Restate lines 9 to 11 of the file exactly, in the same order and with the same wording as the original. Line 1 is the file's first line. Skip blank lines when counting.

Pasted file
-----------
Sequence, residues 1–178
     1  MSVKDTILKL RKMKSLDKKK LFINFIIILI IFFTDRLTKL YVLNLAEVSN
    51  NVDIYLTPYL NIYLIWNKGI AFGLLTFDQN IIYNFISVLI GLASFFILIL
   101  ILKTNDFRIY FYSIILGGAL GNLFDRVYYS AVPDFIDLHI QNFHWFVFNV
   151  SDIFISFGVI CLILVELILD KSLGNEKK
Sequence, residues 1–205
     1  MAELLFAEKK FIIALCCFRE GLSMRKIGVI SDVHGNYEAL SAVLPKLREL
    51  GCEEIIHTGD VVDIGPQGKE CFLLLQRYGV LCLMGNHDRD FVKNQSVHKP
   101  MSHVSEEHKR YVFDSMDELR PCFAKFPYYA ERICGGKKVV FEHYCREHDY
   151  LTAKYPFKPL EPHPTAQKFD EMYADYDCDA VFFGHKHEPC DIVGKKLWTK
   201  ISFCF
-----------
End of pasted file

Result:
   101  MSHVSEEHKR YVFDSMDELR PCFAKFPYYA ERICGGKKVV FEHYCREHDY
   151  LTAKYPFKPL EPHPTAQKFD EMYADYDCDA VFFGHKHEPC DIVGKKLWTK
   201  ISFCF